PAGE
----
I had to stop waiting until I “deserved it” to love myself.  The whole premise was jacked up anyway.  Nothing I could do or say or be would make me more or less deserving of love.  God is perfect and He loves me, not because He is just that awesome (although He is) but because God is perfect, He is only capable of loving things worth loving.  Do you know what that means?  If He loves you (and He does), it’s because you are worthy of it. He loves you, not because of what you do, but because of what you are.  You are a Child of God, made by Him, equipped with His light, talents, and have limitless potential.  You don’t have to be perfect to be loved.  You are already awesome.  Imperfect, in progress, and sometimes lost, but awesome.

I think I resisted this idea for so long because it felt like giving up.  If I wasn’t hustling for love and appreciation, I figured apathy would set in.

What surprised me more than anything was that the opposite is true.  We take care of the things we love.  We are kind to our bodies.  We talk to ourselves differently.  That kind of change has a ripple effect in the rest of your life.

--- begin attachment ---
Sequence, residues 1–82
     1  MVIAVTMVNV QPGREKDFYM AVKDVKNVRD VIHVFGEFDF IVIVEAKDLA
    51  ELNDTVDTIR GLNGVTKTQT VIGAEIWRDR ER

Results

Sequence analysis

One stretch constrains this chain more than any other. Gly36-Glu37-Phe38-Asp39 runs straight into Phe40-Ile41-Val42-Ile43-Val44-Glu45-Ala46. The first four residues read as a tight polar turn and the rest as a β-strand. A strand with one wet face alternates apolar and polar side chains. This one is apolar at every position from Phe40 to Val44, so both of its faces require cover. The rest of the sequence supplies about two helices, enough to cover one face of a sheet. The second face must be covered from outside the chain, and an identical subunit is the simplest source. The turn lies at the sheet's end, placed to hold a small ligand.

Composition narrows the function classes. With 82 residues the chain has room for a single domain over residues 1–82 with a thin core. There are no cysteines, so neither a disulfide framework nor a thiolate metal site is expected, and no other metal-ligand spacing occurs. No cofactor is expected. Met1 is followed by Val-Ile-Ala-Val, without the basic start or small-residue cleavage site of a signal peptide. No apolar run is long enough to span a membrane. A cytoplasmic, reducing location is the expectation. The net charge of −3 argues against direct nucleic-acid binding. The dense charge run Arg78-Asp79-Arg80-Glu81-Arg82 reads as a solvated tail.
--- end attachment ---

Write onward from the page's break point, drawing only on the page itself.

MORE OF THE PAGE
What I really needed, and still need, is more love. As I have learned more self love, I have learned how to love other people more too. Stewardship means something totally different to me now.  I actually feel like I barely understand it.

You are the only you who has ever been you and who ever will be you. “There will never be anyone exactly like you. You were given special gifts and talents to share with the world, and even though everybody has special gifts and talents, nobody will use theirs quite the same way you do. You have a way of being in the world and a perspective that’s unique to you. You are the only one who thinks your thoughts the way you think them. You are the only you that will ever be. You are kind of a big deal.” -Jen Sincero in You are a BadA (the book with lots of F words)

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One Response

  1. Emily Mecham January 10, 2016